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Encyclopedia > Conversion (tort)

In law, conversion is a tort that deals with the wrongful interference with goods. Conversion involves dealing with a chattel in a manner repugnant to a person's immediate right of possession. The gist of the action is a denial of the plaintiff's dominion over the goods. Law (a loanword from Danish- Norwegian lov), in politics and jurisprudence, is a set of rules or norms of conduct which mandate, proscribe or permit specified relationships among people and organizations, provide methods for ensuring the impartial treatment of such people, and provide punishments for those who do not follow... In the common law, a tort is a civil wrong for which the law provides a remedy. ... Personal property is a type of property. ...


The plaintiff must been in actual possession or have an immediate right to possession at the time of the wrong. Absolute ownership is not required.


Stealing something from someone else is one form of conversion. However, conversion is not limited to theft: conversion can also be accomplished by moving, transferring, discarding, hiding, vandalizing, or destroying another person's chattel. Merely using another person's chattel can be grounds for conversion in certain cases. Theft (also known as stealing) is, in general, the wrongful taking of someone elses property without that persons willful consent. ...


Remedy for conversion is usually in the form of damages equal to the value of the chattel. The convertor can return possession of the chattel to the complainant, but this is usually not required and can only be accepted in lieu of damages if the complainant agrees. If the complainant wants the chattel returned without any additional monetary damages, they can claim a related tort, detinue. A remedy is the solution or amelioration of a problem or difficulty. ... Damages, in law has two different meanings. ... In law, detinue is a common law remedy to obtain the return of chattels (personal property or portable property) that have been wrongly converted to the use of another person, or are being unlawfully withheld from a person with good title to the chattel. ...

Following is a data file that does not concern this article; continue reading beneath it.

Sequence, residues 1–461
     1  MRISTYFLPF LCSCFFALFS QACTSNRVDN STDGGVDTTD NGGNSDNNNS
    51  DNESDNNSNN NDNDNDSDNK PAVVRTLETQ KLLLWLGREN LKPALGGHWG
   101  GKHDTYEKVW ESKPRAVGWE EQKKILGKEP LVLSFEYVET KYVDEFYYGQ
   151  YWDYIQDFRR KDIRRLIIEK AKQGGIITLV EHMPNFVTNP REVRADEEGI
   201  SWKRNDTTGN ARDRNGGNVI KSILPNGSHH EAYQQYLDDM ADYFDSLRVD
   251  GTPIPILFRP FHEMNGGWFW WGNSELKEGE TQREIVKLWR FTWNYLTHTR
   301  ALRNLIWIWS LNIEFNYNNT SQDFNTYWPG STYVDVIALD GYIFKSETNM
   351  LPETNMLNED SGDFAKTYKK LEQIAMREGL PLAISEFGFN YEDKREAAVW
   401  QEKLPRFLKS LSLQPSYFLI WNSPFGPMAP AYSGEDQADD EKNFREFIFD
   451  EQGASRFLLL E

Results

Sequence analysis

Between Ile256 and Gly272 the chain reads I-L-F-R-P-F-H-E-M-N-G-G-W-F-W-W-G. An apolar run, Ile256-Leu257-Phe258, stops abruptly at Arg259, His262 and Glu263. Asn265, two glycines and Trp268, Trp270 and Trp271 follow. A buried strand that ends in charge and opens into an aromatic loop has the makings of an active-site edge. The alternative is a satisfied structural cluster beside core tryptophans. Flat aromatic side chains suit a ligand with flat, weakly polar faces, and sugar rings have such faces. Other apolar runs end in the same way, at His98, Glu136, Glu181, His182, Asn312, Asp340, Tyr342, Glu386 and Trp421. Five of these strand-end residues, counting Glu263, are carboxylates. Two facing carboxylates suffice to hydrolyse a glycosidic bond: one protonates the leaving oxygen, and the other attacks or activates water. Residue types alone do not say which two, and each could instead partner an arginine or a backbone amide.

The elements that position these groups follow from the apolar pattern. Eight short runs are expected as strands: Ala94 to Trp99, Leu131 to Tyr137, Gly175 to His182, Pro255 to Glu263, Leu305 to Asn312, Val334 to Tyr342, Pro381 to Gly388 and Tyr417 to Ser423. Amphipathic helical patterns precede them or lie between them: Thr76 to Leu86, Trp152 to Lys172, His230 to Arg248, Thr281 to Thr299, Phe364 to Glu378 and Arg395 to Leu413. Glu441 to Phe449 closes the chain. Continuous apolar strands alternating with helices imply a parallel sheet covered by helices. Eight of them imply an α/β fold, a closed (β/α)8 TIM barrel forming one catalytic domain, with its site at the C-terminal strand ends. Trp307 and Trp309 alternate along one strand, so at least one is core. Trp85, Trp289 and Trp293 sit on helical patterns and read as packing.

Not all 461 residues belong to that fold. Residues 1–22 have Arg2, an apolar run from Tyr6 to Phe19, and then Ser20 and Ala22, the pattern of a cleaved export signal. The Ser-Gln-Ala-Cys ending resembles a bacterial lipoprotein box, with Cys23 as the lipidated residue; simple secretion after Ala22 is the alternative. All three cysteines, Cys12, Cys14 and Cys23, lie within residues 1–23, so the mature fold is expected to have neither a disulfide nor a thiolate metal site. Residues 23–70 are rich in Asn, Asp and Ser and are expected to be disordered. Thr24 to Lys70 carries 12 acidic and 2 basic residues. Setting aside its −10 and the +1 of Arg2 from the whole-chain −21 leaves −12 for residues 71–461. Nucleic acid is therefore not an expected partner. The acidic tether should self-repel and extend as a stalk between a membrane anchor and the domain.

Conversion and other offenses

Conversion overlaps with the tort of trespass to chattels: the primary difference between the two is that trespass requires an inteference with the plaintiff's actual possession. Trespass to chattels is a tort whereby the infringing party has intentionally interfered with another persons lawful possession of a chattel. ...


Additionally, damages from a trespass claim are based on the harm caused to the plaintiff, rather than the value of the chattel. Many actions can constitute both conversion and trespass. In these cases, a plaintiff must choose which claim to press based on what damages they seek to recover.


  Results from FactBites:
 
NationMaster - Encyclopedia: Conversion (tort) (497 words)
However, conversion is not limited to theft: conversion can also be accomplished by moving, transferring, discarding, hiding, vandalizing, or destroying another person's chattel.
Remedy for conversion is usually in the form of damages equal to the value of the chattel.
Conversion overlaps with the tort of trespass to chattels: the primary difference between the two is that trespass requires an inteference with the plaintiff's actual possession.
NationMaster - Encyclopedia: Detinue (1825 words)
In tort law, the defense of necessity is divided between private necessity (where a person commits a tort for the defense of his own property) and public necessity (where a person commits a tort for the public good, such as cutting down someone elses trees to stop the spread...
Under the attractive nuisance doctrine of the law of torts, a landowner may be held liable for injuries to children trespassing on the land if the injury is caused by a hazardous object or condition on the land that is likely to attract children, who are unable to appreciate the...
A licensee is a term used in the law of torts to describe a person who is on the property of another, despite the fact that the property is not open to the general public, because the owner of the property has allowed the licensee to enter.
  More results at FactBites »

 
 

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